(489f) Biological Effects of Micron-Sized Particles of Iron Oxide on Pluripotent Stem Cell-Derived Neural Progenitor Aggregates for Magnetic Resonance Imaging

Sart, S., Ecole Polytechnique
Calixto Bejarano, F., The National High Magnetic Field Laboratory
Baird, M., The National High Magnetic Field Laboratory
Yan, Y., Florida State University
Rosenberg, J., The National High Magnetic Field Laboratory
Ma, T., FAMU-FSU College of Engineering
Grant, S., The National High Magnetic Field Laboratory
Li, Y., Florida State University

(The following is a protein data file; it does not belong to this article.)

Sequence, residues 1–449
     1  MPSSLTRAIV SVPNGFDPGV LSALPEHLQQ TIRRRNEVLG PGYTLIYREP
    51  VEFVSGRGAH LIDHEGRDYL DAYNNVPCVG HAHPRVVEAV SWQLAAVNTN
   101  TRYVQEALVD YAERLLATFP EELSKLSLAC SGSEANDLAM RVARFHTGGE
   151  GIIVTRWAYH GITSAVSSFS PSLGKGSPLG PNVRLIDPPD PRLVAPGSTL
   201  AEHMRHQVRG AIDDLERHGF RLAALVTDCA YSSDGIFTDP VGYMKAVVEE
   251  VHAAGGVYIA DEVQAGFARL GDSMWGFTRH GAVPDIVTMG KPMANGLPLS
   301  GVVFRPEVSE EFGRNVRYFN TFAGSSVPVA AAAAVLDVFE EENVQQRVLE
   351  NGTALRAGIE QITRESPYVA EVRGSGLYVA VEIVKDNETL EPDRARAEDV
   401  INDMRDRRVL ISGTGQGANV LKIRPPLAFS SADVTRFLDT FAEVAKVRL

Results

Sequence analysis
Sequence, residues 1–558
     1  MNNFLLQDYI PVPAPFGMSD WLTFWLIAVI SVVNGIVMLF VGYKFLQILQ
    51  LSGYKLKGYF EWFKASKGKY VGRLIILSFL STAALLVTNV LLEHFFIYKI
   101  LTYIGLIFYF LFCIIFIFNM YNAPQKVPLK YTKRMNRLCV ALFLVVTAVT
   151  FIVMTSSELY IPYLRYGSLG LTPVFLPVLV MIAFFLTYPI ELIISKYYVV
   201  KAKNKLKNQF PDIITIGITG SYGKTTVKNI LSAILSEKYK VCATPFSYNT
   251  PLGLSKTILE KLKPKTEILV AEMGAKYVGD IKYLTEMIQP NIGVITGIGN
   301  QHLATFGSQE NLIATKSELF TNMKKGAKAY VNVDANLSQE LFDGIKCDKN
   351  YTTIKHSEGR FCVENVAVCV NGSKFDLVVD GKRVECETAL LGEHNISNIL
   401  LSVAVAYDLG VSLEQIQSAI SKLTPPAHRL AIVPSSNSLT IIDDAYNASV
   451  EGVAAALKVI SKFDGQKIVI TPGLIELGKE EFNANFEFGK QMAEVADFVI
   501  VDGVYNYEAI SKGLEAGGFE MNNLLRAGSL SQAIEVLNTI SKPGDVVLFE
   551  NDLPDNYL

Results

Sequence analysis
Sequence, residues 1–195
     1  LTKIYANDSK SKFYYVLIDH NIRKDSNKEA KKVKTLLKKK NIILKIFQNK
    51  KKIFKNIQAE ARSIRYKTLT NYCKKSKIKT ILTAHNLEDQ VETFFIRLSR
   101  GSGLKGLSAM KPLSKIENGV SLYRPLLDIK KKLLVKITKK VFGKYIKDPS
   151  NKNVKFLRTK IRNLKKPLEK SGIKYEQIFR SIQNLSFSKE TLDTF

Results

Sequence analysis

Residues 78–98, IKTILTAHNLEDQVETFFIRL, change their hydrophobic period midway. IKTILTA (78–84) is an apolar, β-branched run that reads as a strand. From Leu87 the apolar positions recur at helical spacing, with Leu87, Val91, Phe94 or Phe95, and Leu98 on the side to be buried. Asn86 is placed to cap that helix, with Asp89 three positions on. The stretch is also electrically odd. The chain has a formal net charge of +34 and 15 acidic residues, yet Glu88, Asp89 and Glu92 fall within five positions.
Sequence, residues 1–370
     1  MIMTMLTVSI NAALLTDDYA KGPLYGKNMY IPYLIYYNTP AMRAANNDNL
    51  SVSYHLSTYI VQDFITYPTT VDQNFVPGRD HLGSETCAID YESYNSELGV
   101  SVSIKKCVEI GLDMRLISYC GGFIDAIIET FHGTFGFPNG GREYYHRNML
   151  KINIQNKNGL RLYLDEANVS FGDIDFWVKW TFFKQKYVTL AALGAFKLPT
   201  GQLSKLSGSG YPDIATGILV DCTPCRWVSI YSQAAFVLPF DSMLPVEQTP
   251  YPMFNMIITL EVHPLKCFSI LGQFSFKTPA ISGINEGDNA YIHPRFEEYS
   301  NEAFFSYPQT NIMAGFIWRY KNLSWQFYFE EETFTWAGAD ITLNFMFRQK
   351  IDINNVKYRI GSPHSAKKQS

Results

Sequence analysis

Magnetic resonance imaging (MRI) can be used to assess the fate of the transplanted stem cells, including the neural progenitor cells (NPC) derived from pluripotent stem cell (PSC) in the injured nervous system.  NPCs are usually derived from PSCs through the formation of embryoid body (EB), and 3D multicellular structures have been maintained to enhance the function of PSC-derived neural cells.  This study investigated the effect of labeling multicellular EB-NPC aggregates with micron-sized particles of iron oxides (MPIO) for MRI.  While labeling and tracking single stem cells have been demonstrated for MPIO, the ability to label multicellular aggregates and consequences on cellular effects have yet to be characterized fully.  In this study, intact and dissociated EB-NPC aggregates were labeled with various concentrations of MPIOs and analyzed by fluorescent imaging, flow cytometry and in vitro MRI for labeling efficiency and detectability.  Moreover, the effects of MPIO on cell viability, cytotoxicity, proliferation and neural differentiation were evaluated.  MPIO incorporation did not affect the proliferation and neural differentiation of EB-NPCs.  However, intact EB-NPC aggregates showed higher cell proliferation and viability compared to the dissociated cells.  Despite diffusion limitation at low MPIO concentration, higher concentrations of MPIO (i.e. 10 μg Fe/mL) were able to label EB-NPC aggregates at similar efficiency to the dissociated cells.  In vitro MRI showed efficient MPIO detection over 2-3 population doublings and the correlation of T2 relaxation rate and relative contrast with MPIO exposure concentration.  This study demonstrated the feasibility of using MPIO to label EB-NPC aggregates for future animal study.